The Age, 23 May 2009
Will Elliott maps a journey to the 'other side' in his battle with schizophrenia, writes Owen Richardson.
WILL Elliott's first book, the award-winning The Pilo Family Circus, describes a descent into the underworld: feckless young Jamie is kidnapped by psychotic clowns and taken into an alternative universe of pain and fear and demonic conspiracy.
The main character in his new book, Strange Places, also takes a wild and disorienting journey: the television tells him it knows what he's been up to, he comes to understand that his family is out to get him, and one night he sees the moon blown up by a nuclear weapon.
The difference between the two books is that the main character of Strange Places is called Will Elliott, and what the book describes actually happened to him.
In his late teens and early 20s Elliott underwent two psychotic episodes, the second of which ended with his being diagnosed as schizophrenic. Now 30, Elliott hasn't experienced a relapse and has decided to tell the story, at some cost to his present comfort.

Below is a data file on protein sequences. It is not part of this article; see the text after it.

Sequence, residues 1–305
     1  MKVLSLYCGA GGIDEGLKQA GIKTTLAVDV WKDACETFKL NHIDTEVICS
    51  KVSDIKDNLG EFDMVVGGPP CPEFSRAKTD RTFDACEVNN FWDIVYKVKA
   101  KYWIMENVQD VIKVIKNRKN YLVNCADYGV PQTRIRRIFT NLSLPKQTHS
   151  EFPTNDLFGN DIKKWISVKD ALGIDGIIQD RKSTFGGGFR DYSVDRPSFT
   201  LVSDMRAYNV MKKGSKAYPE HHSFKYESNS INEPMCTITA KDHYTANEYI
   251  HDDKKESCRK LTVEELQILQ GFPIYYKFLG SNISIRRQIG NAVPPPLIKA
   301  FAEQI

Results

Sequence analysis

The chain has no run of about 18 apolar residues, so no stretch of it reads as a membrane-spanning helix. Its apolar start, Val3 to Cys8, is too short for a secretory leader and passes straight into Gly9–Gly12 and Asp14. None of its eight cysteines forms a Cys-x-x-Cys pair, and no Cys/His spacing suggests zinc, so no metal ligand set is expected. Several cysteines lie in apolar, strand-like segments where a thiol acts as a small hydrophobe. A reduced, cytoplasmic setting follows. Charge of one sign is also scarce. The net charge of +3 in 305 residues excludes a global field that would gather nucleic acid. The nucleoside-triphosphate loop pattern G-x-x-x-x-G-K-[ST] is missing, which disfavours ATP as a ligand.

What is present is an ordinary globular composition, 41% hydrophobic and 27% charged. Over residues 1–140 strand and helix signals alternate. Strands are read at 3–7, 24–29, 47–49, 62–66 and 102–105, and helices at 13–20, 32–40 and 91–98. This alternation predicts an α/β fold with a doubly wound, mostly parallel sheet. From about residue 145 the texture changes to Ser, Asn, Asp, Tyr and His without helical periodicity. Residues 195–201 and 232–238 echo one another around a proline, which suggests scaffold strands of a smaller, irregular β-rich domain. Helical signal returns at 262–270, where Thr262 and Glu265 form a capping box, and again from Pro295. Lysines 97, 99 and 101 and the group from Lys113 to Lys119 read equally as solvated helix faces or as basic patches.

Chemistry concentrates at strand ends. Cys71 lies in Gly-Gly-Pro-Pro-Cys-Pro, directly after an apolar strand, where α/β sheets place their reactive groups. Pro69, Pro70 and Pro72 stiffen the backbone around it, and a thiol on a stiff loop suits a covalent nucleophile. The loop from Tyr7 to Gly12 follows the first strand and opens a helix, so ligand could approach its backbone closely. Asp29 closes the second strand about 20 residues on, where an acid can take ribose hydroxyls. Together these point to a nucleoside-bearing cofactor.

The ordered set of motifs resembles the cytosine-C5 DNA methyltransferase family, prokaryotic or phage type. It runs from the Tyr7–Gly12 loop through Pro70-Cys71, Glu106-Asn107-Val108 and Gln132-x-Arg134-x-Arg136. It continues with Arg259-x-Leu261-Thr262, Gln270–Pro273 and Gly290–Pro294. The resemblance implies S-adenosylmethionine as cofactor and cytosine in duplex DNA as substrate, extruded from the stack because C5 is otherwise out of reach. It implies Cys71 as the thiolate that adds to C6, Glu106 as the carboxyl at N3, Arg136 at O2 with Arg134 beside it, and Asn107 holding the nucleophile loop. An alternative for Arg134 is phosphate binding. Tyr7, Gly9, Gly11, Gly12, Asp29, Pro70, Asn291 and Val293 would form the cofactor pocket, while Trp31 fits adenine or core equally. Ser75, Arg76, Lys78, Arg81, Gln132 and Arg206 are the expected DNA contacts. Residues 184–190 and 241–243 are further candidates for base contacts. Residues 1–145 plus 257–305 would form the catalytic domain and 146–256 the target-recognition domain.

"To go back and immerse myself in it, and especially the first symptoms in the early days, it was embarrassing for me," Elliott says. "It was the opposite of pleasant nostalgia, to keep going back over that and checking that it was all arranged properly was the worst part for me. I don't know how it is going to be having other people reading these intimate and not exactly flattering details."
Let your pain speak - Let your pain speak. Pain management is often necessary and grounded in kindness and mercy. Pain avoidance on the other hand will go too far. Learn to walk...
2 days ago